By Tammerlin Drummond
Right before Thanksgiving, Andrea Sinclair got laid off from her job as an office assistant. In January and February, the San Jose resident said she got PG&E bills of $687.04 and $681.67, respectively, more than double what she’d ever paid.
“It just doesn’t make sense, Sinclair said. “We’re barely making it and now I don’t know how we’re going to survive.”
Sinclair is one of many PG&E customers throughout the Bay Area and the state outraged over unusually high winter bills. The utility raised consumer electric prices twice earlier this year on the heels of a 12 percent hike for gas that went into effect in August.
That’s on top of high housing costs, rising food prices and gasoline once again creeping upward.
Julie Reynolds’ January PG&E bill was $584 for her 1,000-square-foot Oakland apartment — about one-third what she pays for rent. February it was $489. Her highest bill had been $300.
“It’s really killing my budget,” said Reynolds, who works as a representative renewing online memberships. “I used to be able to save a couple of hundred dollars a month, but now I’m not saving anything for a rainy day. I have to get my car smog checked and I’m afraid of some bad situation where I’ll have to get something fixed.”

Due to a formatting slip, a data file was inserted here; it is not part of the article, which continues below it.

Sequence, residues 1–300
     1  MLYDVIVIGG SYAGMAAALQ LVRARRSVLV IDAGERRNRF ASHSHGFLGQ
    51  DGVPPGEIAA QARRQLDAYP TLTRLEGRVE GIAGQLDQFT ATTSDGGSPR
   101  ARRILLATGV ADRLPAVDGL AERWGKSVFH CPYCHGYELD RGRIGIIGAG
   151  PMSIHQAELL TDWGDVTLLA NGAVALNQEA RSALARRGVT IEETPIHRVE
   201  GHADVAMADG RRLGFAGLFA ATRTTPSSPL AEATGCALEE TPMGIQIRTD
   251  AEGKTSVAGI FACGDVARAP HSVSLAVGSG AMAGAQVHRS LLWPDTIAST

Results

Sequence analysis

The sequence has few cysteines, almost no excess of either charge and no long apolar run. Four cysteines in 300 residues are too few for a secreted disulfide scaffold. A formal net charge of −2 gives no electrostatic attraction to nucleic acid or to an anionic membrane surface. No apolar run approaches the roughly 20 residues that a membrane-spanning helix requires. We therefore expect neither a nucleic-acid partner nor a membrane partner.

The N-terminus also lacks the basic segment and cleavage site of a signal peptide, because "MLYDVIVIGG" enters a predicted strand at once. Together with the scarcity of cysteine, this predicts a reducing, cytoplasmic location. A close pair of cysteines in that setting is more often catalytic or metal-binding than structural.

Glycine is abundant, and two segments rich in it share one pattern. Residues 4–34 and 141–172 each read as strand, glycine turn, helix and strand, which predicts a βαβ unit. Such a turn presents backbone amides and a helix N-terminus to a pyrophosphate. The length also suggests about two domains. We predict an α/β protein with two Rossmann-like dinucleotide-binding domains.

A 21 percent increase in gas charges from December 2015 to December 2016 was a major cause for higher bills, according to Brandi Merlo, a PG&E spokeswoman. She said that, combined with damp and colder days this winter, fueled high heating bills.
“We know that higher than expected bills are frustrating and no one likes surprises when it comes to their bills,” Merlo said.
She advised customers to go online to their PG&E account to monitor energy usage, and review whether they are using the best rate plan for their household. While there they can learn about energy saving tips and find out whether they qualify for a low income discount program.
Sinclair got a low-income discount in January and February that reduced her bill $77 each month. She still owes nearly $1,400. She signed up for a $120 per month payment plan for 12 months to avoid getting her utilities shut off. Sinclair and her partner live with their combined four children and her daughter’s boyfriend. Her son wasn’t living with them last year, but she said one more person doesn’t explain the hefty increase.
She said PG&E blamed the huge bill on the family’s use of space heaters.
“So now we’re wearing sweats, sweatshirts and socks and my daughter is wearing gloves to bed,” Sinclair said. “We’re also taking the laundry to the laundromat to cut costs.”